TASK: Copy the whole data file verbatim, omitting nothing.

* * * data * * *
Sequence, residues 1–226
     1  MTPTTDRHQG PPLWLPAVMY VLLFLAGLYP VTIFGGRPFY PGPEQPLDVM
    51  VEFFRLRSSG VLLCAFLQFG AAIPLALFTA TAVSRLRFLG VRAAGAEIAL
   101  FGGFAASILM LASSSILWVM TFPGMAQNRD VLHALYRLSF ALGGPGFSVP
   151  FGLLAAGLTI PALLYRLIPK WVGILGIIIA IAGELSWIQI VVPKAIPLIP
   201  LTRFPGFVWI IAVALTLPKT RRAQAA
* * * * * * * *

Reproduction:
Sequence, residues 1–226
     1  MTPTTDRHQG PPLWLPAVMY VLLFLAGLYP VTIFGGRPFY PGPEQPLDVM
    51  VEFFRLRSSG VLLCAFLQFG AAIPLALFTA TAVSRLRFLG VRAAGAEIAL
   101  FGGFAASILM LASSSILWVM TFPGMAQNRD VLHALYRLSF ALGGPGFSVP
   151  FGLLAAGLTI PALLYRLIPK WVGILGIIIA IAGELSWIQI VVPKAIPLIP
   201  LTRFPGFVWI IAVALTLPKT RRAQAA